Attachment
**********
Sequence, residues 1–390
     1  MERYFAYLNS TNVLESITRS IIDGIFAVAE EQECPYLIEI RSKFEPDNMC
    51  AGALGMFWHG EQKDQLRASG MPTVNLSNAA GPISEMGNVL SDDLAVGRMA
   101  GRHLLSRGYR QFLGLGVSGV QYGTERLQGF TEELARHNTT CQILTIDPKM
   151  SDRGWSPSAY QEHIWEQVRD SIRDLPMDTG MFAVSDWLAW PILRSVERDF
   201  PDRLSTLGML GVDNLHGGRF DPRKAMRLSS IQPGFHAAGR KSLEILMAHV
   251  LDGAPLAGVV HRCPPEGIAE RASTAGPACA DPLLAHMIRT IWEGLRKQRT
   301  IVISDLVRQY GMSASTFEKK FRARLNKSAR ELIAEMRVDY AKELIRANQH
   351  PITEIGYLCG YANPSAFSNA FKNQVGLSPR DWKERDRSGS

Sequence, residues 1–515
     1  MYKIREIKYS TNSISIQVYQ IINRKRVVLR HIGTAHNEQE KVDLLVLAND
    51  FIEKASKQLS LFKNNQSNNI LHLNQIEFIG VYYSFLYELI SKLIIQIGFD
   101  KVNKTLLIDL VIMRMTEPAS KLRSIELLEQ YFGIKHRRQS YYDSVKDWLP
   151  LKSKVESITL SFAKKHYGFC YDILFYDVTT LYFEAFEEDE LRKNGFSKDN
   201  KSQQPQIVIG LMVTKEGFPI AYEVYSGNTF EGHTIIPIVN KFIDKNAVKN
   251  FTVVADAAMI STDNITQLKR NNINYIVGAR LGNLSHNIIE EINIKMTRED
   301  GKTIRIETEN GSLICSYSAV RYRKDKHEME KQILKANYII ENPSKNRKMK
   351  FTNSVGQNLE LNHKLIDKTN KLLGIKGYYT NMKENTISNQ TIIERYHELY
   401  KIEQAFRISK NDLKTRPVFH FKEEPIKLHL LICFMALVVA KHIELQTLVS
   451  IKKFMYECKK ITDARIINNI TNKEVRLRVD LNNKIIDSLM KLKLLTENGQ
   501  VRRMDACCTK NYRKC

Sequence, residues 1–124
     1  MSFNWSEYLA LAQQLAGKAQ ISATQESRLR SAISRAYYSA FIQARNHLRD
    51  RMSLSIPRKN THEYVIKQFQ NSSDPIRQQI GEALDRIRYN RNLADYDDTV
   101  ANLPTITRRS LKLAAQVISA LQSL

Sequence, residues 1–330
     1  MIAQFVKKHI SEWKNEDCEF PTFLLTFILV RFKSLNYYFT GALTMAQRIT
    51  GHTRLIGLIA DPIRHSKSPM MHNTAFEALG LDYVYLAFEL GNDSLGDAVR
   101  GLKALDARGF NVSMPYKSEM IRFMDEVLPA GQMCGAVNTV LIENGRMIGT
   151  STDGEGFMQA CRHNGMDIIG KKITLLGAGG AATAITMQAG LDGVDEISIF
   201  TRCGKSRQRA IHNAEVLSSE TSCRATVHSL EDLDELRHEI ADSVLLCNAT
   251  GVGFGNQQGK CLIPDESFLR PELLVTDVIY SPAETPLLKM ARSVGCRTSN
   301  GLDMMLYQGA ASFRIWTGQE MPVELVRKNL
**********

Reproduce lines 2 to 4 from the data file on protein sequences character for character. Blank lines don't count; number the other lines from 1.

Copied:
     1  MERYFAYLNS TNVLESITRS IIDGIFAVAE EQECPYLIEI RSKFEPDNMC
    51  AGALGMFWHG EQKDQLRASG MPTVNLSNAA GPISEMGNVL SDDLAVGRMA
   101  GRHLLSRGYR QFLGLGVSGV QYGTERLQGF TEELARHNTT CQILTIDPKM